Search - John Lee Hooker :: Plays & Sings the Blues

Plays & Sings the Blues
John Lee Hooker
Plays & Sings the Blues
Genres: Country, Blues, Pop
 
  •  Track Listings (12) - Disc #1

Like other recordings from Hooker's early studio sessions, these tunes bristle with driving energy and ripple with the power of his shouted declarations. This is back porch music from the heart of the Delta, jolted to larg...  more »

      
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CD Details

All Artists: John Lee Hooker
Title: Plays & Sings the Blues
Members Wishing: 3
Total Copies: 0
Label: Mca
Release Date: 7/26/1989
Genres: Country, Blues, Pop
Styles: Classic Country, Contemporary Blues, Delta Blues, Traditional Blues, Regional Blues, Detroit Blues, Electric Blues, Acoustic Blues
Number of Discs: 1
SwapaCD Credits: 1
UPCs: 076732919927, 0076732919927, 076732919910, 076732919941

Synopsis

Amazon.com essential recording
Like other recordings from Hooker's early studio sessions, these tunes bristle with driving energy and ripple with the power of his shouted declarations. This is back porch music from the heart of the Delta, jolted to larger-than-life proportions by the electricity powering Hooker's guitar and by his own strong desire to quit sweeping factories and begin cleaning up on the charts. Although he often reworked themes by earlier bluesmen during this period, it was rare that Hooker outright covered another artist's material. So his riveting interpretations of Muddy Waters's "Please Don't Go" and Big Maceo Merriweather's "Worried Life Blues" peak this collection of solo turns that were recorded for Chess in 1951 and '52. --Ted Drozdowski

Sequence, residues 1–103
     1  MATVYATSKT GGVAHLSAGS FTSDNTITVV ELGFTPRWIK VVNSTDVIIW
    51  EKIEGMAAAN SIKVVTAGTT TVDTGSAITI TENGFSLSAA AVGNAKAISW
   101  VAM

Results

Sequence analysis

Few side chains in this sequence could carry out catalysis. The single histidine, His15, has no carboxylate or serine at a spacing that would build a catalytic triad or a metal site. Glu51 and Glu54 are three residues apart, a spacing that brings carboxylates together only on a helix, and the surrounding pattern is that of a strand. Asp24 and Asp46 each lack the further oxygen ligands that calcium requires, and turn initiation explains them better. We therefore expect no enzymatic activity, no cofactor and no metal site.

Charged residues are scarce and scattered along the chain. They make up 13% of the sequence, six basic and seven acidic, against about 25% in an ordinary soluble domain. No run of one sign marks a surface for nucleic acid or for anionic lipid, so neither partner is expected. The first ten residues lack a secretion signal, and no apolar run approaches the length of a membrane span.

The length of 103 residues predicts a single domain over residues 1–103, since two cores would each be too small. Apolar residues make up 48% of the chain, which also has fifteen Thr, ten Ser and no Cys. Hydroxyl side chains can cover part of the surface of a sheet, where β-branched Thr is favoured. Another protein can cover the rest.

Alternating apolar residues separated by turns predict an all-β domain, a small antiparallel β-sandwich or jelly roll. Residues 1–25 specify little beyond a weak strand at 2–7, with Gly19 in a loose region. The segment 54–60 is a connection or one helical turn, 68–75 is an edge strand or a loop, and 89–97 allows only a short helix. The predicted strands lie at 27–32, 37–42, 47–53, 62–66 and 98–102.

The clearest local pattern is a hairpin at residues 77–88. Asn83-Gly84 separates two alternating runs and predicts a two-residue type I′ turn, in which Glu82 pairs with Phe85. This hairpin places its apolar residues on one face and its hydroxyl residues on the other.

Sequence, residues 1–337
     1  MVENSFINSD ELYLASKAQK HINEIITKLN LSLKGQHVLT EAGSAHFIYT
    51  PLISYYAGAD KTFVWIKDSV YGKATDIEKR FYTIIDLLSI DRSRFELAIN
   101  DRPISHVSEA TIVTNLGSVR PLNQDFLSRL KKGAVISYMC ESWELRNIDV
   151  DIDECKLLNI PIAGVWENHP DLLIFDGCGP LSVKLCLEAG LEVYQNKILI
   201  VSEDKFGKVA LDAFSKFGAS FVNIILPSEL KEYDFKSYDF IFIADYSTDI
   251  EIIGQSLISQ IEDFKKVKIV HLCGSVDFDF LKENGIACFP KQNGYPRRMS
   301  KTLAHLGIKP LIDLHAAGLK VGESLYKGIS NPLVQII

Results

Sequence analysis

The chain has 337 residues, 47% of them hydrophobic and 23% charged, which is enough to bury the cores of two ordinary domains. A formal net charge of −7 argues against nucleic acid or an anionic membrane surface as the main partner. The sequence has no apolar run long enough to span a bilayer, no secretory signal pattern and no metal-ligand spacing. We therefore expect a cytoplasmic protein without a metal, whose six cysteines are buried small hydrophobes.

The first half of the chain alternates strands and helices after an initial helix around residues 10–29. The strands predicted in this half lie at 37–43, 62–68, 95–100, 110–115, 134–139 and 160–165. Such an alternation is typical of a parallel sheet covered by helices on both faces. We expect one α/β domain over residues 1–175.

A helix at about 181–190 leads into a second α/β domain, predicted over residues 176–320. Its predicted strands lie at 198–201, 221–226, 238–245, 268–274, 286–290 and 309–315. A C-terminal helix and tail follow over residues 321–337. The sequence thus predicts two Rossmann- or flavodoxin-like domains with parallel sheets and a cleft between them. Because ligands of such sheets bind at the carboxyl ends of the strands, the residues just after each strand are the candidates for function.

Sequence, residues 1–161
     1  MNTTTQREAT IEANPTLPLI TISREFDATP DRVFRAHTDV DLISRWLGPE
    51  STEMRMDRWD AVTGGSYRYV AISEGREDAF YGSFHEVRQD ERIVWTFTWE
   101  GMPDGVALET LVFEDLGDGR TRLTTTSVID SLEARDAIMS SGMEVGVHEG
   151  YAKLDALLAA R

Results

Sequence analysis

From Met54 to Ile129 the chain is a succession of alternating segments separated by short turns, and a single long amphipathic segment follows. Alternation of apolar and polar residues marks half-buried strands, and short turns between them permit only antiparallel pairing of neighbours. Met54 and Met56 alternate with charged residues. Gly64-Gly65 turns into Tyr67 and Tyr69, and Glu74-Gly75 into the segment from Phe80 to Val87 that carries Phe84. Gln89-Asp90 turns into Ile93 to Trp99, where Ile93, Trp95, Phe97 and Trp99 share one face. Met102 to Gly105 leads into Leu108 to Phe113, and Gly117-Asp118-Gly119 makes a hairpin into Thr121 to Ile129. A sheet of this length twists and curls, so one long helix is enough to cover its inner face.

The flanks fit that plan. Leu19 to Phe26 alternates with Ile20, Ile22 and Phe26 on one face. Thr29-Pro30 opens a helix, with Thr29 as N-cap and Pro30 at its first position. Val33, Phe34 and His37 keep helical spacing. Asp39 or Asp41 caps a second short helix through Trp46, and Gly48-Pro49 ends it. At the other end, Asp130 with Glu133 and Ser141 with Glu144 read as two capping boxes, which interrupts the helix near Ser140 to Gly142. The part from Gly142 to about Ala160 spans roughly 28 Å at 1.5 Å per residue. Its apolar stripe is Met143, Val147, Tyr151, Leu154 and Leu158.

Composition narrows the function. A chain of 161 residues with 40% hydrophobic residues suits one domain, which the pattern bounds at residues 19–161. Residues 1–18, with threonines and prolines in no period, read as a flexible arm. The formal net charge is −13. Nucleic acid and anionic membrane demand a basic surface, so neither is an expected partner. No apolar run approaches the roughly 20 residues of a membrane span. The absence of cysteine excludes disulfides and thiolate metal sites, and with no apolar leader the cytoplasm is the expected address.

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CD Reviews

Straight up, unfiltered, 100% pure blues
Nathan Alderman | Washington, DC | 10/15/2001
(4 out of 5 stars)

"With little more than the steady stomp of his foot, the virtuosic hum of his guitar, and his famously murky voice, John Lee Hooker makes blues magic. These are wry, witty, beautifully simple songs, and if you don't find your foot tapping in time to the rhythm at least once, you haven't been paying attention.
Considering these songs were recorded 50 years ago, the sound is remarkable pristine and pure, with the exception of the disc's liveliest tune, the pleasantly scratchy "Mad Man Blues," and "Hey Boogie." There's at least one odd hiccup-- track 8, "Lonely Boy Boogie", ends abruptly in mid-song-- but otherwise, this is a satisfying and soulful disc for those in need of a blues fix."